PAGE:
# OCSdata Instructions

Introduction
Arguments
casestudy
outpath
fork_repo
How to Use
raw_data()
simpler_import_data()
extra_data()
imported_data()
wrangled_csv()
wrangled_rda()
zip_ocs()
clone_ocs()

## Introduction

OCSdata is an R package to help you access and download case study data files hosted on the Open Case Studies (OCS) GitHub. The package provides several different functions to enable users to grab the data they need at different sections in the case study, as well as download the whole case study repository. All the user needs to use the package is the name of the case study repository and a file path to the directory where the data should be saved.

All case study data is available on GitHub. However, case study users new to GitHub can find it a confusing process to access data from repositories. On top of that, users then must move the downloaded data into to the appropriate local directory. Overall, this process leaves room for error and acts as a barrier to introductory level students. Troubleshooting these errors can be a headache for both students and instructors and eats away at valuable learning time. OCSdata is an R package that bridges the gap from web-browser to Rstudio, allowing users to automatically download the data they need with simple functions all within R.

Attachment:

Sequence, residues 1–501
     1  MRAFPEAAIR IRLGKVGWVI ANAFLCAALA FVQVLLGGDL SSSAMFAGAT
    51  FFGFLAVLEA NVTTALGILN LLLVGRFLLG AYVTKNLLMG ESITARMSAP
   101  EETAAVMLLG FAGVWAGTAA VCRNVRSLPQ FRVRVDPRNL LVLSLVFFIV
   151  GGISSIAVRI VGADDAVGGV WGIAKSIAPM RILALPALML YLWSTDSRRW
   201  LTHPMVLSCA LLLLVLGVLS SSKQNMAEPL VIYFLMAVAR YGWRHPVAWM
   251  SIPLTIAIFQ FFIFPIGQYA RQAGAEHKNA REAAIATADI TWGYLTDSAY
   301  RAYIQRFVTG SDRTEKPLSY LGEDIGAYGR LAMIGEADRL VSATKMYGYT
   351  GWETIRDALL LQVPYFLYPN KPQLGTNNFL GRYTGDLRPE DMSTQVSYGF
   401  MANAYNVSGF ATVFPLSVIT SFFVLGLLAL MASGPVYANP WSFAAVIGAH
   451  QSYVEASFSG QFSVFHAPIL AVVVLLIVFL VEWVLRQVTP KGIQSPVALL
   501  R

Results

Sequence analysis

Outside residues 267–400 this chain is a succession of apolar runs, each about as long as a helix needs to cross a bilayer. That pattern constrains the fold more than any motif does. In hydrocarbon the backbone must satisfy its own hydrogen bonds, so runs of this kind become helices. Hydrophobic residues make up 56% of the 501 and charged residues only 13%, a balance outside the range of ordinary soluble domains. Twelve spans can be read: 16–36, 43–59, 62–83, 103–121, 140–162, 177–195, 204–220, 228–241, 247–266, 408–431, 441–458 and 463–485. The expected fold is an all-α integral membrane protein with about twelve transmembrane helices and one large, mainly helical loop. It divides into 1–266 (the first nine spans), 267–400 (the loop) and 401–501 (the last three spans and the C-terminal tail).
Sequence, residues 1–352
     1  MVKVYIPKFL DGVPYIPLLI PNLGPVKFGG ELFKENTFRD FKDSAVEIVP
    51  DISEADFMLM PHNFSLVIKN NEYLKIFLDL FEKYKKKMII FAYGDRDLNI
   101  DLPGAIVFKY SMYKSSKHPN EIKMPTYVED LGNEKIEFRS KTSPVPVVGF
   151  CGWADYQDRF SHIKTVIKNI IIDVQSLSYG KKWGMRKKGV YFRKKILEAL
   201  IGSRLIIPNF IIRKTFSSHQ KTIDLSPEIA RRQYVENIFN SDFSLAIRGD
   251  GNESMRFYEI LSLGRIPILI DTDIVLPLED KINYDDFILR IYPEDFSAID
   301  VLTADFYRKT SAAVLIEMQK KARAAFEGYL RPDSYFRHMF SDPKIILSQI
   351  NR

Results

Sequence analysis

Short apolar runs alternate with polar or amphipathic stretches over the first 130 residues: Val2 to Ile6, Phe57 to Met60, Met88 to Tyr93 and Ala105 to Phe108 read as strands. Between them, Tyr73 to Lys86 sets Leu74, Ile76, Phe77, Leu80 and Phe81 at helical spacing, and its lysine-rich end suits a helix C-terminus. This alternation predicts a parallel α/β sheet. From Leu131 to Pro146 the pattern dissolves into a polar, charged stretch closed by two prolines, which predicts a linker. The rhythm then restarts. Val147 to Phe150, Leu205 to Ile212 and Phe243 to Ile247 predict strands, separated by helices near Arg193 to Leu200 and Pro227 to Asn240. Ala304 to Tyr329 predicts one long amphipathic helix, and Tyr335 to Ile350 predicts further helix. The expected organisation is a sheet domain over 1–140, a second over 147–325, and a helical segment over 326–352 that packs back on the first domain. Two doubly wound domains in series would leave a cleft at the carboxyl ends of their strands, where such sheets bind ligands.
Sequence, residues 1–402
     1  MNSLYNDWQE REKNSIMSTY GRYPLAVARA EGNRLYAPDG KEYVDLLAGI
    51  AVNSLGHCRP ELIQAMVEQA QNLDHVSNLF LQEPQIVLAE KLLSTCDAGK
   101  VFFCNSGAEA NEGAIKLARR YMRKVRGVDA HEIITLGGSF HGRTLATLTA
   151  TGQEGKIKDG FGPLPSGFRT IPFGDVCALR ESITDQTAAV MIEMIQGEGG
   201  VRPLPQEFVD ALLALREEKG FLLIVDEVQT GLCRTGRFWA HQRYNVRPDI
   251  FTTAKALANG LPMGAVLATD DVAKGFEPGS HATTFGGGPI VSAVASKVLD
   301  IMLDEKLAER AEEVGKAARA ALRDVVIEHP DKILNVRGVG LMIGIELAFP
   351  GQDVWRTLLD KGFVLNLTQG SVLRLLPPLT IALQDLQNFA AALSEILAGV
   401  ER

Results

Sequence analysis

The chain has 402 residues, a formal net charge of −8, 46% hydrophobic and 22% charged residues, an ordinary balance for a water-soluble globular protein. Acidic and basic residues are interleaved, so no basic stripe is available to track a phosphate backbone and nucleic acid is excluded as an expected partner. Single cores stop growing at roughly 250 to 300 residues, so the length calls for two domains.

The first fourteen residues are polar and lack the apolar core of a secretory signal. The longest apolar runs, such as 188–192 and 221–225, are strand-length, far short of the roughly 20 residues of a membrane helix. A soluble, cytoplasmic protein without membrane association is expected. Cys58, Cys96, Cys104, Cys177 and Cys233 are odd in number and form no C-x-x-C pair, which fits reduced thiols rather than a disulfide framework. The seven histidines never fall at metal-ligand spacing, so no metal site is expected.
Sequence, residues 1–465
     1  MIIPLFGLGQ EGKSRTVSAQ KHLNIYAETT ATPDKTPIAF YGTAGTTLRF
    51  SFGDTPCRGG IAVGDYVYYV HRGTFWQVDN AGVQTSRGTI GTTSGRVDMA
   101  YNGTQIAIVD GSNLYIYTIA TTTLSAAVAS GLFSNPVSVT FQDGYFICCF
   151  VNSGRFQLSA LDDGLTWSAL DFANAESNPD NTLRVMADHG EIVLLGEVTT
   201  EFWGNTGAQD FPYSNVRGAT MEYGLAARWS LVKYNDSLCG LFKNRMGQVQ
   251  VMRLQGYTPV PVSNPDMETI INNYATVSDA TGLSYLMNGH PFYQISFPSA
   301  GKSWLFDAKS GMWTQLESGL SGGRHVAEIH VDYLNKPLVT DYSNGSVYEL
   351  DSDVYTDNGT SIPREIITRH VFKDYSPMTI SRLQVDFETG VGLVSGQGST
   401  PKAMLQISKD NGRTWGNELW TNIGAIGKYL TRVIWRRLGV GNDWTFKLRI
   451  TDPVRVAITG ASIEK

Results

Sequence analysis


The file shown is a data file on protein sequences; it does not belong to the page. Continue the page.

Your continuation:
This document outlines how the functions in the OCSdata package should be used to access data from Open Case Studies. The arguments section explains all of the inputs necessary for the functions to run. The how to use section explains the purpose of each function and gives examples. The functions are also connected to the corresponding case study section when applicable.

## Arguments

### casestudy

All of the OCSdata functions require a case study ID to be input to the casestudy argument field. This ID should match with the case study you are intending to download data from. See the table below to see the case study names and their corresponding ID.

$$\color{blue}{\text{The examples below use the "Opioids in United States" case study. To download data from a different case study,}}$$ $$\color{blue}{\text{change "ocs-bp-opioid-rural-urban" to the ID of the case study you are interested in. (See table for list of IDs)}}$$

$$\color{blue}{\text{Note: All of the case studies have at least raw, imported, and wrangled data. However, not all of them have extra}}$$ $$\color{blue}{\text{ or simpler_import data. Keep this in mind when using the extra_data() and simpler_import_data() functions.}}$$

### outpath